A homemade fruitcake is a revelation of how delicious it is to wrap your mouth around a spicy-rich chewy-sweet delight. The pleasure is reminiscent of summer fruits though they have been transformed by sun, heat, air and time to deeper complexity. Preserving fruits by drying has a long, even ancient, history by virtue of its simplicity. The technique allowed the plenty of summer and autumn to be saved through winter and spring, a transfer in time, and in place so people in cold climates could taste exotic fruits from far away.
I’ve always loved fruitcakes! Years ago, I used a recipe that required macerating a variety of dried fruits: raisins, cherries, pineapple, apricots… in rum. They were than cooked in sugared fruit juice until they were very plump and almost candied. That recipe involved separating the eggs, beating the whites to stiff peaks. The batter was mixed, fruit and nuts added, and finally the whites were folded in. It made the very best fruitcake—friends still ask if I’ll be making fruitcake for Christmas! Unfortunately the recipe is lost.
Here is Alton Brown’s recipe. I didn’t get started on it two weeks ago so it will be a New Year’s fruitcake. And yes, of course we have tasted it a little: it’s not that fabulous fruitcake I made years ago, but it’s tasty. And who knows but in a week its flavors will have developed and melded to perfection.
Note: I tripled the recipe so I could share small cakes with friends and family.
Free Range Fruitcake
Recipe courtesy of Alton Brown
10-inch loaf pan
tripled recipe amounts in parenthesis
9-inch loaf pan plus 12 small loaf pans
Top inside dimensions: 5-9/16″ x 3-1/4″ Depth: 2″ Capacity in fluid ounces: 15
- 1 cup golden raisins (3 cups)
- 1 cup currants (3 cups)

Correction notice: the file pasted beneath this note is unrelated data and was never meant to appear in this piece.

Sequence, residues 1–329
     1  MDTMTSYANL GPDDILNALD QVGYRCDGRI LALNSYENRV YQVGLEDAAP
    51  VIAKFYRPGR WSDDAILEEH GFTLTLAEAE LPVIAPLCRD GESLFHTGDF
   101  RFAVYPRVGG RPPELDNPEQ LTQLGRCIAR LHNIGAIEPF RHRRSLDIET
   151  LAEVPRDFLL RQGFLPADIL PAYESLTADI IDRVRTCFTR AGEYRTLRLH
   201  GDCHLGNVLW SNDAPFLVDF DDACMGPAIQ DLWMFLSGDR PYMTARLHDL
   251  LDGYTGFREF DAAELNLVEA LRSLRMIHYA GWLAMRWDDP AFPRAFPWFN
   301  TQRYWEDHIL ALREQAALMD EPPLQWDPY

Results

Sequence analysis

½ cup sun dried cranberries
½ cup sun dried blueberries
- ½ cup sun dried cherries (1 ¾ cups)
- ½ cup dried apricots, chopped (2 cups)
- Zest of one lemon, chopped coarsely (3 lemons’ zest)
- Zest of one orange, chopped coarsely (3 oranges’ zest)
- ¼ cup candied ginger, chopped (¾ cup)
- 1 cup
gold rum brandy (3 cups)
- 1 cup sugar (3 cups)
- 5 ounces unsalted butter (5 ¾ sticks)
- 1 cup unfiltered apple juice (3 cups)
- 4 whole cloves, ground (¼ teaspoon)
- 6 allspice berries, ground (½ teaspoon)
- 1 teaspoon ground cinnamon (1 Tablespoon)
- 1 teaspoon ground ginger (1 Tablespoon)
- 1 ¾ cups all purpose flour (5 ¼ cups)
- 1 1/2 teaspoons salt (1 Tablespoon)
- 1 teaspoon baking soda (1 Tablespoon)
- 1 teaspoon baking powder 1 Tablespoon)
- 2 eggs (6 eggs)
- 1/4 to 1/2 cup toasted pecans, broken (1 ½) cups)
- Brandy for basting and/or spritzing
Combine dried fruits, candied ginger and both zests. Add the brandy and soak overnight.
Pour the fruit and soaking liquid into a stainless steel pot. Add the sugar, butter, apple juice and spices. Bring mixture to a boil often stirring with a wide silicon, then reduce heat to simmer for 10 minutes. Remove from heat to cool for at least 15 minutes. (The recipe can be completed up to this point, then covered and refrigerated for up to 2 days. Bring to room temperature before completing the cakes.)
Heat oven to 325 degrees.
Combine dry ingredients and sift into fruit mixture. Use a large wooden spoon or a wide spatula to quickly form the batter. Stir in eggs one at a time until completely integrated, and finally fold in nuts.
Lightly oil your loaf pans and bake for 45 minutes. Check for doneness by inserting toothpick into the middle of the cake. If it comes out clean, it’s done. If not, bake another 10 minutes, and check again.
Remove cakes from oven and place on cooling rack. Baste the tops with brandy and allow to cool completely before turning out from pan.
When cakes are completely cooled, seal in a tight sealing, food safe containers. I store mine in the refrigerator. Every 2 to 3 days, feel the cake and if dry, spritz with brandy. The cake’s flavor will enhance considerably over the next two weeks.
Notes: I can detect the taste of baking soda, never my favorite: the beaten egg white technique might allow for less.
I would add more nuts, say decorate the top of each cake with pecans.
And I would like a bit more spice: cinnamon and cloves especially.